No I dont think so. The transport isn’t capable of the same precision
as the Studer A721 – A710. No one made a
decent transport except Studer, Tandberg and Nak. The Eumig was not bad too.
Just because BASF used ASC machines doesn’t make it the best. That isn’t
I wouldn’t put the NAD on the same level despite they used Dynaq and HX pro.
you may run the 3014 against a NAD in a good system. You will hear the difference.
The best cassette deck that I ever owned was the ReVox B215. Excellent transport and superb electronics. It did have it’s short comings (constant LCD bleed and a thermal problem with the light tape sensor burning up tapes), but the transport wasn’t one of them. Even in my modest system, it clearly was better than my Nak 1000, and Pioneer CTF 1250. (the machines I had at the time)
I would agree that the NAD is no were near this calibre of machine. I have experience with the Tandberg 340 and it’s build quality was amazing, so I would reason this to be quite a bit better.
Having followed Eckart and Tim for a few years now, and learning of their systems and the quality they strive for, I would have to defer to them when they class something as the ‘ultimate’. I would never believe that Eckart would think something is the Ultimate because he owns it, only because he has heard it to be so!
Reblogged this on Liquid Audio and commented:
I love this piece on the Tandberg 3014, one of the great cassette decks from back in the day. Lovely pics and description of calibration work!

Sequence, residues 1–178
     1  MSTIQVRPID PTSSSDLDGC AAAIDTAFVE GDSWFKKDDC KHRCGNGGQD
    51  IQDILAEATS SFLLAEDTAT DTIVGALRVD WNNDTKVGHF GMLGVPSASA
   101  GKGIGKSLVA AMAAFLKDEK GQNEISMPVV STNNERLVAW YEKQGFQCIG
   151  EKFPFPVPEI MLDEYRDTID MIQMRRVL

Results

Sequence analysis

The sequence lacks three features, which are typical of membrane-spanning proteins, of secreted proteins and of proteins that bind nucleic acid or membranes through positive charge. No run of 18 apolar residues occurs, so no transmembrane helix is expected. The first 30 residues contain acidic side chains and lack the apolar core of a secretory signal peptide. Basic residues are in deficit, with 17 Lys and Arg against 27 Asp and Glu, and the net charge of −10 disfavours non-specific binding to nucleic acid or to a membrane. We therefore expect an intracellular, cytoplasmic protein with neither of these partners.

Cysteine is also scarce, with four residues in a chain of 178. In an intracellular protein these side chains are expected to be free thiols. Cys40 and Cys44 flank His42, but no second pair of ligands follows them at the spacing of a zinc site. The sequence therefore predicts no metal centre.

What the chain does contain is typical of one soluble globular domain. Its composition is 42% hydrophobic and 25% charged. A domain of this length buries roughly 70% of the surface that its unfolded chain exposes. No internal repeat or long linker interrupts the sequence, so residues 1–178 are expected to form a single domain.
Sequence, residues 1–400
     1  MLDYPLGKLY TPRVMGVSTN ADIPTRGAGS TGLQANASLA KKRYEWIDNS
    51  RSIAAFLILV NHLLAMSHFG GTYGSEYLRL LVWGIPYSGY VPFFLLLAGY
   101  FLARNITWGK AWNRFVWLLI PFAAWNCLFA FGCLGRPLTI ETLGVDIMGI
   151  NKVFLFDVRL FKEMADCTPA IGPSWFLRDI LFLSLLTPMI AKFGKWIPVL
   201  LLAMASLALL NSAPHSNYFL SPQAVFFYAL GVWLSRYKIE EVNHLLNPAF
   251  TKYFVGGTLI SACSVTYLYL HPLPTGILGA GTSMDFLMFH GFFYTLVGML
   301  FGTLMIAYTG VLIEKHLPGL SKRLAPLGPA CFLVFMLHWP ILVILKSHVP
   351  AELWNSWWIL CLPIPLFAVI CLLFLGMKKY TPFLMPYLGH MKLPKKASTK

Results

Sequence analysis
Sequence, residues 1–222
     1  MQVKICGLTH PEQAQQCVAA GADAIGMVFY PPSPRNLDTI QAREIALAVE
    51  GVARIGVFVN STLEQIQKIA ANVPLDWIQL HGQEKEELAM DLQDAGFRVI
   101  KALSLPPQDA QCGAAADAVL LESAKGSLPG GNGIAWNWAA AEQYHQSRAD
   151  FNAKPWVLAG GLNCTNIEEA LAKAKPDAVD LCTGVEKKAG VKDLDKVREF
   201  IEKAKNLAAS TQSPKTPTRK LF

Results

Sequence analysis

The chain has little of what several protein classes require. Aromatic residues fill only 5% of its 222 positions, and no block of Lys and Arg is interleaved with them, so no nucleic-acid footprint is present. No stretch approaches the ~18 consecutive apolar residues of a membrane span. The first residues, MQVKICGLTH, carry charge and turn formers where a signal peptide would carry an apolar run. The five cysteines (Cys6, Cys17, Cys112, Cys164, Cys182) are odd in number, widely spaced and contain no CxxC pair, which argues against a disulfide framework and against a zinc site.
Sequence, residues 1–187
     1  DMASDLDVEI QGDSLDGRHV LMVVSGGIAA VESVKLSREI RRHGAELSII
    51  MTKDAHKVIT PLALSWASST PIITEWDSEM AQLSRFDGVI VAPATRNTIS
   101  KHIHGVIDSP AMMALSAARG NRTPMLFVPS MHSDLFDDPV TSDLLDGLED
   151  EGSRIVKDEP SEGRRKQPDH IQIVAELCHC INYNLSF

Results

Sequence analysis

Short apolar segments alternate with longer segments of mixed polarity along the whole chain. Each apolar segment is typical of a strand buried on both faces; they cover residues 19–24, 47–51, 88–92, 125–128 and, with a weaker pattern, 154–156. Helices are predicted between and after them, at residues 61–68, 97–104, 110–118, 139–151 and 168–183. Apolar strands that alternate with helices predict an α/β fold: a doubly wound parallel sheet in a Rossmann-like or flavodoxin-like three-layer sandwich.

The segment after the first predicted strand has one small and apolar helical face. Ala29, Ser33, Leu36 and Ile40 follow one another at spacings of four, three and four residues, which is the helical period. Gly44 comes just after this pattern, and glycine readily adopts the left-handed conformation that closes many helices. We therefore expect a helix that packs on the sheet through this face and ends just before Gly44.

Im a cassette lover, and for the car, my recomendation is a top line Alpine from 1986 to 1990. The HLTAC and HLTAC II heads is the best you can take in car players. Searching for a 7385, 7390, 7618… Adjust the head to your recording, and enjoy the sound. For the pure sound, te best choice is the Alpine with the treble / bass analog ALPS pots (like the 7385)
Also you can enjoy the Nakamichi TD-500 or the TD-700. This units have a manual azimuth adjustment. I have one years ago, but Im from Spain and the FM frequency steps is for the american market. But the Dolby section and azimuth manual aligment is te best way for enjoy tapes recorderd from different recorders.
And finally, the sound of the high end Blaupunkt SQR 45, 46,48 BREMEN, TORONTO… Is a pure and rich sound, in tape and radio sections. No SMD components. And the DNL dynamic noise limiter, works well with all tapes and radio too.
Hi Eckart – My name is Randi, and I am the photo editor of IEEE Spectrum Magazine. We are going to be including the Tandberg 3014 in our upcoming Consumer Electronics Hall of Fame. I wondered if we might have permission to use some of these photographs with the piece? firstname.lastname@example.org Thank you!
Thanks for asking. Yes you may use my fotographs regarding the 3014. please let me know about the final product.
Wonderful. Thank you! It will be a few months, I will send you the link! Should the photo credits be “AudioCirc” with a link to this page?
If you can do this, just perfect. Thank you.